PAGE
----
When Does Baby First Smile
Babies start smiling quite early on — while they’re still in the womb, in fact. You may have caught baby working on her smile on a second-trimester (or later) ultrasound, or seen it for the first time on her sleeping face soon after she arrived. But you’ve probably also heard — from your mother-in-law, your pediatrician and all your friends with kids — that a newborn’s smiles aren’t “true” smiles. That’s right, these are reflexive smiles. So what is difference between reflexive smiles and full-fledged social smile?
When does she launches her first full-fledged social smile?
Before she launches her first full-fledged social smile, you may see your baby doing lots of smile trial runs, practicing and exploring how her mouth moves. Babies spend more of their second month awake and paying attention to all they see and hear around them. They learn that their family cares for them when they are hungry or fussy or tired. They likely feel excited and loved when people smile at them, and one day their own smile breaks out in return. Then, the captivating “smile talk” begins.
In addition to all the warm fuzzies the social smile brings, it is also an important part of a baby’s social and emotional development. When you reliably respond to your baby’s cues about when they are ready for play and when they need a break, you let them know that their thoughts and feelings are important. Because a baby’s smile gets such a predictable response from a parent, they start to feel confident that they can exert some control over their world. The child’s self-esteem starts to grow, even at this young age.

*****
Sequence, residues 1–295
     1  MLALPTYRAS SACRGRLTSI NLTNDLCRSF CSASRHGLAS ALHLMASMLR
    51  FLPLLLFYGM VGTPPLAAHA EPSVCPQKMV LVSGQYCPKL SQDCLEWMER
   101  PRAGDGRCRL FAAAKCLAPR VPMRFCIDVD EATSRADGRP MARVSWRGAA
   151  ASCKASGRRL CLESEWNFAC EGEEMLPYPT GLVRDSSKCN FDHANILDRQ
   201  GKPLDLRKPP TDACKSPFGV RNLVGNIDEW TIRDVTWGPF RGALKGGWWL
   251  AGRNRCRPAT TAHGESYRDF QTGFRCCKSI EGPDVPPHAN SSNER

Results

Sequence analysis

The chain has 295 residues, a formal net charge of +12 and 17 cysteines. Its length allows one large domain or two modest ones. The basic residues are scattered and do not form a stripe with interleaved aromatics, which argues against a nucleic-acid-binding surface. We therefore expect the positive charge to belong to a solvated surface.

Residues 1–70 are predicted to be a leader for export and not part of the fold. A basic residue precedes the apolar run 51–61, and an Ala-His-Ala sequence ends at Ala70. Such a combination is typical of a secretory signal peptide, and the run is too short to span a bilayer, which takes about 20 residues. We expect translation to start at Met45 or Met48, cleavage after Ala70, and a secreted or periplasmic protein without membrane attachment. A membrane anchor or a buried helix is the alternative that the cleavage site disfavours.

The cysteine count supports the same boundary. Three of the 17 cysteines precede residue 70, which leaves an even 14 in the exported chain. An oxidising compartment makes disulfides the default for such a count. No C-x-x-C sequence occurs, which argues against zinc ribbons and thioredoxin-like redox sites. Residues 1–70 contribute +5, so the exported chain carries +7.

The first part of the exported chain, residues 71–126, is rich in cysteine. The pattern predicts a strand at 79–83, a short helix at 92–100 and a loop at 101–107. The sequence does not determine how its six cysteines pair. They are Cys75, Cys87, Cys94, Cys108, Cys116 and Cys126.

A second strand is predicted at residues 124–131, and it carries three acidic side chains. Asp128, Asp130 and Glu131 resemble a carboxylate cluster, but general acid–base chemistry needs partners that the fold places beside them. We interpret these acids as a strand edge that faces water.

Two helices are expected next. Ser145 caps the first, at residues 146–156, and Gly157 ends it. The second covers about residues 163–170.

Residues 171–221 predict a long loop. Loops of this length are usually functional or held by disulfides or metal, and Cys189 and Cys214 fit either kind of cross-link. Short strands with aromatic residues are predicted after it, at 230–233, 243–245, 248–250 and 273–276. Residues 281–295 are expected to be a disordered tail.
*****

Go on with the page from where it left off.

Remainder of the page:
How can I encourage my baby to smile?
To help your baby along, smile at her, cuddle her, play with her and talk to her often. Babies who receive lots of parental care and affection early on develop faster, have larger brains and are more sociable.
What if my baby isn’t smiling yet?
If your 1-month-old still isn’t smiling, don’t be alarmed. When your child hasn’t smiled by 4 months but vocalizes, makes eye contact and responds to verbal and visual cues from you, she just might not be a naturally smiley personality — at least, not at this early stage in her development.